When Tori Zietsch goes into town from rural Australia, she becomes someone else
“I have a sensitive energy. I’m conscious of how much I’m out in the world because I’m really affected by it. I need time alone.”
Maple Glider is the sonic pseudonym of Australian born musician and singer Tori Zietsch. When referring to her performative double, admittedly in a surprisingly detached way, Zietsh laughs as she says: “I swear to God that lady has too many outfits.” She playfully represents a fascinating dualism which most of us embody, a kind of split characterisation between, on the one hand, our flamboyant ambitious selves, and on the other, our gentle sheltered introversions. The trouble for most of us is that we can’t choose which side will present itself throughout the week. Not the case for Zietsch, who splits her time between smalltown café work and farming, having recently moved to a very rural part of Australia. She says: “I need nature, space and quiet. When I’m not playing shows, I’m in bed by 9pm!” On the weekend, she heads into the city as a totally different person, equipped only with a suitcase full of whacky outfits and a fake microphone, which is in fact a large pink dildo. She giddily admits: “I could not keep up with Maple Glider full time, that’s for sure. It’s a form of expression.”
Zietsch is on the cusp of releasing her second full length record, I Get Into Trouble, a softly spoken, gorgeously eloquent battle against childhood indoctrination and adulthood relational trauma. The title refers to a bible story based on a condemned, sexually assaulted girl named Dinah, who is also the protagonist to one of Maple Glider’s singles from the record. “I’ve really struggled to reflect on my own experiences with the church as a kid, having those ideas ingrained into me at such a young age. It’s been painful.”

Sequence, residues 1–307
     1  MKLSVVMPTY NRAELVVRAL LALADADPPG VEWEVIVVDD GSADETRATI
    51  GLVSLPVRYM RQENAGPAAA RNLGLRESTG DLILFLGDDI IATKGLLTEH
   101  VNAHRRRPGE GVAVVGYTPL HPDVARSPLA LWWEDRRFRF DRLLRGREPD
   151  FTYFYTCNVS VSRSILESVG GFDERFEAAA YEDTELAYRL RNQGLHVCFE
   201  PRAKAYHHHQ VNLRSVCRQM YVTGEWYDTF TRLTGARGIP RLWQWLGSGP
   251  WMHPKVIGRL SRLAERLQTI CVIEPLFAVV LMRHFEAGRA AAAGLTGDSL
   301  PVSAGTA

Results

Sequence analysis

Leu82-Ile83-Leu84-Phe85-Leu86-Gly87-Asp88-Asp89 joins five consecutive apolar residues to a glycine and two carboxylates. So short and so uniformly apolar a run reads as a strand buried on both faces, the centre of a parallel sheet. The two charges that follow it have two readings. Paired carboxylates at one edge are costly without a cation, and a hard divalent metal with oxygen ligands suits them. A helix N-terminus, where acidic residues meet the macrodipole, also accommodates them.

One of the principle aims of the album is to acknowledge childhood trauma which many of us store in the attics of our minds, subsequently affecting us in adulthood. This is a collection of courageous and matter-of-fact songs that eschew the possibility for Zietsch to hide behind anything at all, aside from her cunning accomplice, Maple Glider. However, she admits that she “certainly didn’t feel confident” when she went into record the album, although she did have a strong intention to reveal even the most personal parts of herself in it. “I had this dragging feeling that these songs, which were so personal to me, and had been difficult to share with anyone, needed to come out and be let go of,” she says. “To some degree releasing these songs has allowed me to move past them mentally and emotionally.” A kind of songwriter’s therapy perhaps.
I’m surprised when she tells me that writing about her issues through song is easier than expressing herself in conversation. It became clear throughout our conversation that Zietsch is perhaps warmer and easier to engage with than she gives herself credit for, which only adds to her charm, not just as a person but also as a performer also. She tells me: “Songs are a great vessel for moving through feelings. Once a track is concluded I feel a great sense of empowerment as opposed to the vulnerability I experience before I’ve made sense of the song’s issue in my head. It’s so cathartic to have positive feelings come out of what ultimately started as an intensely dark, emotional place.”
Many of the tracks on I Get Into Trouble are addressed to unnamed individuals, and I was curious to ask whether Zietsch would like for those particular people to hear her. “Some yes, some definitely no!” she says. “I wrote two songs for my brother, which I showed to him. The others are tricky. I have a lot of fear attached to letting my actual thoughts be heard by some people. I’d like for them to hear them but wouldn’t want to know how they’d react.”
With that, it occurs to me that what is so refreshing about Maple Glider is that there is nothing egocentric at the crux of this character. Ultimately, these songs are for everyone; they exist without a refined, single target. They are beautiful precisely because of their relatability to all.
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